Boston – The antibody function known as antibody dependent cellular cytotoxicity (ADCC) is associated with protection against HIV in infants, according to new research from Boston Medical Center. Data from the study show that infants with high levels of ADCC against their mother’s strain of HIV are less likely to get HIV through breast milk and have lower rates of morbidity and death even without antiretroviral therapy. Published in Cell Reports Medicine, the findings demonstrate that ADCC could be a potential new target for future vaccine research.
Researchers evaluated the ADCC present in pre-transmission infant and maternal plasma and breast milk against existing maternal HIV-1 variants. The infants who were exposed yet uninfected had higher ADCC and a combination of ADCC and neutralizing antibody responses against their corresponding mother’s strains, compared to HIV-1 exposed and infected infants. The infected infants with high ADCC function also had lower morbidity and mortality up to one year after birth.
This study shows that ADCC is not correlated with neutralizing antibodies, suggesting these are independent activities, and that ADCC is more effective than neutralizing antibodies in protecting infants against the exposure strains associated with lower mother-to-child transmission and decreases post-infection infant morbidity.
“HIV vaccine efforts have been primarily focused on eliciting neutralizing antibodies,” says Manish Sagar, an infectious diseases physician at Boston Medical Center and corresponding author on this study. “The results of this study suggest that there are additional immune factors that may be associated with protection against HIV transmission.”
Each year 150,000 infants are infected with HIV primarily through mother to child transmission. Improving outcomes in the infants that become infected is important, especially because of limited access to antiretroviral therapy. The findings of this study support the argument that vaccine efforts should also focus on enhancing ADCC responses among the highly exposed at-risk individuals. This is especially relevant because current immunogens have been unable to elicit neutralizing antibodies, so inducing ADCC responses may be more feasible target.
Without antiretroviral treatment, the risk of transmission during the breastfeeding period is between 10 and 20 percent depending on duration of breastfeeding, which suggests natural immune mechanisms that protect against HIV acquisition. Infants acquire HIV at a lower frequency than typically expected, considering the long duration of viral exposure in-utero and during breastfeeding. Infants passively acquire maternal antibodies before and while they are consistently exposed to the virus.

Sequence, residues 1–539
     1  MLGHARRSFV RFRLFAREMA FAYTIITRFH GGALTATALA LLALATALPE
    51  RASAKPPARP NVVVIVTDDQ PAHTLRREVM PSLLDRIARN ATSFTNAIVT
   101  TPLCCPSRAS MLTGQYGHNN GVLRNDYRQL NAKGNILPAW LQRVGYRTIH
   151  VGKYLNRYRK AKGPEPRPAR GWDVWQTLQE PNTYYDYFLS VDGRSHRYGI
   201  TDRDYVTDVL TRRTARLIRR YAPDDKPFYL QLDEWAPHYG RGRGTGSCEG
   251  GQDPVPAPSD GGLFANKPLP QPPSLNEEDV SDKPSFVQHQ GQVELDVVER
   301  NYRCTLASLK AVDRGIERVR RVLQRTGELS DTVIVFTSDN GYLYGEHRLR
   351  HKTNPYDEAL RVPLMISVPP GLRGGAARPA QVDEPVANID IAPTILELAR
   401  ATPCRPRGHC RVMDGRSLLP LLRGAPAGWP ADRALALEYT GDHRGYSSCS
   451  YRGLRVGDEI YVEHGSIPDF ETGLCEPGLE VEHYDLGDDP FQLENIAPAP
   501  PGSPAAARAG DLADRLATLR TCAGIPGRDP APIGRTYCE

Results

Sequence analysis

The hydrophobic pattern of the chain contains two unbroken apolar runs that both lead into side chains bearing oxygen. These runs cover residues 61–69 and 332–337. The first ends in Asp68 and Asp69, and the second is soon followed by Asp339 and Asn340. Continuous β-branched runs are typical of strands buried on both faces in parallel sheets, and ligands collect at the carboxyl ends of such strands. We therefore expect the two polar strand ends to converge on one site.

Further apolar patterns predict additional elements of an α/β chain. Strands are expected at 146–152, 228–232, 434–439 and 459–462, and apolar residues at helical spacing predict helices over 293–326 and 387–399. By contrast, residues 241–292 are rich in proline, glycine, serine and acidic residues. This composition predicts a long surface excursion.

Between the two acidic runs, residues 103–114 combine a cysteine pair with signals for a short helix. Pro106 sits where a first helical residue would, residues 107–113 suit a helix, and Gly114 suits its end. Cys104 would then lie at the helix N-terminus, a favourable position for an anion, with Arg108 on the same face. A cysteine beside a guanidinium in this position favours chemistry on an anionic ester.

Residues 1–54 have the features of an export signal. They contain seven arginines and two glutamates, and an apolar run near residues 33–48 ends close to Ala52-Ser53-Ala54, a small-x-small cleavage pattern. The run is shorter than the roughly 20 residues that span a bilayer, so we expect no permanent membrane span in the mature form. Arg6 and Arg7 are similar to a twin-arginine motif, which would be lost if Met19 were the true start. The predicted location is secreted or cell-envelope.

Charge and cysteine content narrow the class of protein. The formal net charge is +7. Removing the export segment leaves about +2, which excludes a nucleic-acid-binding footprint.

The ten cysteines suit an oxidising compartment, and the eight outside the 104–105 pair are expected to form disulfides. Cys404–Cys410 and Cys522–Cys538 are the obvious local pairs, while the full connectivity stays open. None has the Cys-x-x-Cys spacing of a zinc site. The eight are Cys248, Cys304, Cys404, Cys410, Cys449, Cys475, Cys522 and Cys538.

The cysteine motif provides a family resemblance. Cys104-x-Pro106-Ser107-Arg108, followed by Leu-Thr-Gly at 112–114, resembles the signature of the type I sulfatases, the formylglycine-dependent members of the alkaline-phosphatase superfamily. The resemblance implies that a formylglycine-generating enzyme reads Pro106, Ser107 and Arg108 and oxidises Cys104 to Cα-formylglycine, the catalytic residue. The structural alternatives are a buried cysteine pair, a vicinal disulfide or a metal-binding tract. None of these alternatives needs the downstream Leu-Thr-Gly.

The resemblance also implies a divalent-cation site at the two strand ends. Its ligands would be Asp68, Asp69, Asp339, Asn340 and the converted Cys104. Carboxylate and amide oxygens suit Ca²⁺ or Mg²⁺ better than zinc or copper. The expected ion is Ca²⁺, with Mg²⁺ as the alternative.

Samples of patient breast milk and maternal plasma were examined from mother-infant pairs that were enrolled from a previous mother-to-child-transmission clinical trial in Malawi. All mothers had chronic HIV infection and had breastfed their babies, who did not have HIV at the start of the study. The antibody functions were compared among the 16 mothers that did transmit HIV to the 26 that did not, and among infants that did eventually acquire HIV from their mother with those that did not. The ADCC that was present in pre-transmission infant and maternal plasma and breast milk was compared against the existing maternal HIV-1 variants.
“Similar to COVID-19, it is generally believed that if people have pre-existing neutralizing antibodies against HIV, it will protect them from acquiring HIV,” says Sagar, also an associate professor of medicine and microbiology at Boston University School of Medicine. “Unlike COVID-19, however, this research demonstrates that the presence of neutralizing antibodies in exposed individuals does not protect from HIV transmission.”
Researchers recommend additional research efforts should be dedicated to understanding ADCC and enhancing ADCC with future vaccine products, while aiming to elicit robust ADCC activity to prevent mother-to-child transmission and to improve infant outcomes.
Funding for the study was supported by NIH grant R21-AI137119, K24-AI145661, P30- AI042853, and by NIH T32-5T32AI00730928.
About Boston Medical Center
Boston Medical Center (BMC) is a private, not-for-profit, 514-bed, academic medical center that is the primary teaching affiliate of Boston University School of Medicine. It is the largest and busiest provider of trauma and emergency services in New England. BMC offers specialized care for complex health problems and is a leading research institution, receiving more than $166 million in sponsored research funding in fiscal year 2019. It is the 13th largest funding recipient in the U.S. from the National Institutes of Health among independent hospitals. In 1997, BMC founded Boston Medical Center Health Plan, Inc., now one of the top ranked Medicaid MCOs in the country, as a non-profit managed care organization. Boston Medical Center and Boston University School of Medicine are partners in Boston HealthNet – 12 community health centers focused on providing exceptional health care to residents of Boston. For more information, please visit http://www.bmc.org.
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